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Six-month wait for repair to Dublin 4 homes

FLOODED Ballsbridge residents will have to wait at least six months to return to their destroyed homes, it has emerged.

A loss assessor says the damage visited upon many of the houses during recent floods, exceeded that of Hurricane Charlie in 1986.

Loss assessor Arthur Lyons said that in more than 40 years in business he had never seen anything as bad.

"Hurricane Charlie was bad, but this is worse I think," he told the Herald.

"When you get sewage backing up the toilets and flowing into houses everything has to go," he added.

Ballsbridge Avenue resident Margaret Ferris has been told she will have to wait at least six months before she can return home.

"Everything is gone, the water was about three feet deep, but we seem to be getting no sympathy from the State," said Margaret (59).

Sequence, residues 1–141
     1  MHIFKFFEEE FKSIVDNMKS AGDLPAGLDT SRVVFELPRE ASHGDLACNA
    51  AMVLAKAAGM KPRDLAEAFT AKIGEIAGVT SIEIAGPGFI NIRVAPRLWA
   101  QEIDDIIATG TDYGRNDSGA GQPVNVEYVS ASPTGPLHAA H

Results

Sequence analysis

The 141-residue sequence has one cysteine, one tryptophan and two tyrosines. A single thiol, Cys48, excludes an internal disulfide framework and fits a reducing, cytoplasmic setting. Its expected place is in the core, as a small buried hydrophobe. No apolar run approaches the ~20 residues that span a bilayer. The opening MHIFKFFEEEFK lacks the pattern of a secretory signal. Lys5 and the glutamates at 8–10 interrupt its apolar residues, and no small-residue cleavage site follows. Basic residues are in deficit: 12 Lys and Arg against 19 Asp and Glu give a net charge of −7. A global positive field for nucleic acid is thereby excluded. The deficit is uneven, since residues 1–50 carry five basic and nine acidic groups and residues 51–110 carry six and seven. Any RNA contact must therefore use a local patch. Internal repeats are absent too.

Eddie McNeill is still clearing out his house, but the silt and dampness and damage from dirty water is everywhere.

Destroyed

"I tried putting all the bedding at the door to stop the water coming in, but everything got destroyed," he said.

"Clothes, furniture, carpets, everything is gone," he said.

Residents feel a Dart bridge over the Dodder acted like a dam after it was surrounded in scaffolding.

They say that debris quickly got caught up in the scaffolding and coverings under the bridge, forcing the water to back-up and overflow into their homes.

"A lot of local people are saying that the scaffolding under the bridge made the problem worse, and that trees and everything were getting stuck in it and turning it into a dam," Eddie McNeill explained.

A letter from Irish Rail to locals apologised for the inconvenience during works to repair the damage caused to the bridge during the flood.

Dart services between Grand Canal Dock and Sydney Parade were set to resume today


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